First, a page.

Ministers have been told that a planned increase in probate fees should not go ahead while grieving families face months of delays to gain control of inherited money and property.
The Government is set to increase fees to a flat-rate £273 for all applicants, no matter the size of the estate, which will mean the cost of probate – the process of administering an estate following a person’s death – will rise from £155 for those who use a solicitor and from £215 for those who act as an individual.
The Ministry of Justice argues the £273 will not generate any state profit, and only covers the costs of processing probate applications. However, the plan has been criticised by Conservative backbenchers, who say it penalises grieving relatives for what is already a sub-par service. Conservative MP and part-time solicitor, John Stevenson, warned of a “very significant deterioration” in the Probate Service, stating: “I do not think it is right that members of the public and professional practitioners should be paying for a poor-quality service.”
In a submission to a consultation on increasing the probate application fee, Mr Stevenson stated that in principle he agreed the price should be increased to cover the full costs. But he added: “The service itself must improve significantly.”
The MoJ admitted that bereaved relatives were waiting more than nine weeks on average for probate to be granted in cases where officials had “stopped” their application to request more documents, or because they had identified alleged errors. However, officials insisted that in other cases the average wait was around one week.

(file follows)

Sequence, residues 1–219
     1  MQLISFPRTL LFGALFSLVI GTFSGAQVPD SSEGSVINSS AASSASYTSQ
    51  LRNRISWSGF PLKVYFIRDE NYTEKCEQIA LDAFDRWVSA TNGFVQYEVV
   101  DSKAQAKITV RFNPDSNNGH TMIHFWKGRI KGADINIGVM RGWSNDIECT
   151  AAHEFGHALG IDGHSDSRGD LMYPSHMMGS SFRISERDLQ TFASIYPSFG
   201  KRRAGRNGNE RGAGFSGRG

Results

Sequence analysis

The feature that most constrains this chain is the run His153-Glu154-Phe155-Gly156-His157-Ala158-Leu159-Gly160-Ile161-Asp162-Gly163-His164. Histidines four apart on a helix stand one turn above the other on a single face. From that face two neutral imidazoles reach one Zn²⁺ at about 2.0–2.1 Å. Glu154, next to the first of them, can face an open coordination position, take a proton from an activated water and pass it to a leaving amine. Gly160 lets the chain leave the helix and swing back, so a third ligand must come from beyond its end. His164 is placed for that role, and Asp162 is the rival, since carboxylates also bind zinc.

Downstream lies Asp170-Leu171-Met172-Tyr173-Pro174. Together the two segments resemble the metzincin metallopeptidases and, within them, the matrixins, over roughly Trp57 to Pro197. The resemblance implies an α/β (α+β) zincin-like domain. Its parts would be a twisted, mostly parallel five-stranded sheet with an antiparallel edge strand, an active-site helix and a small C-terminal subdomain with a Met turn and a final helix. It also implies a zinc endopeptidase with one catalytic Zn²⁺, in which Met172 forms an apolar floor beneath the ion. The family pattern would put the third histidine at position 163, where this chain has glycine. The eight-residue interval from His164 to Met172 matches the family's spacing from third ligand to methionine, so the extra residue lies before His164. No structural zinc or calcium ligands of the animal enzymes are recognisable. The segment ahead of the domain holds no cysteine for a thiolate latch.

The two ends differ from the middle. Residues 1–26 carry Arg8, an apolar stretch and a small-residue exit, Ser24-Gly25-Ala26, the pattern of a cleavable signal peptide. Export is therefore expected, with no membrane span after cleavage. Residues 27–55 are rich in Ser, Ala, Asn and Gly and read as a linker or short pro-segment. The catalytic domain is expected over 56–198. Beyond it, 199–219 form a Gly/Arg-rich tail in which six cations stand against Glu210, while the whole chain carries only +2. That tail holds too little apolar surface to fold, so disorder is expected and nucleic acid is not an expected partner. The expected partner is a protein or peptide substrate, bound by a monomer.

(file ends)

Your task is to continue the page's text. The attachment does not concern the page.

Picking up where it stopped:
The Courts and Tribunal Service said more than three-quarters of probate applications were done online and took 5.3 weeks, a speed increase of a week compared to a year ago. Officials said the hike in fees would actually save the taxpayer money by making the service self-sufficient without the need for external funding.
The HM Courts & Tribunals Service’s deputy director, Adam Lennon, admitted that the probate service “could be improved”. Following a case highlighted by a broadsheet paper, in which a man whose application for probate in relation to his late father had been outstanding for 11 weeks, Mr Lennon also said it would no longer be a requirement for applicants to send a death certificate for previous executors who had died.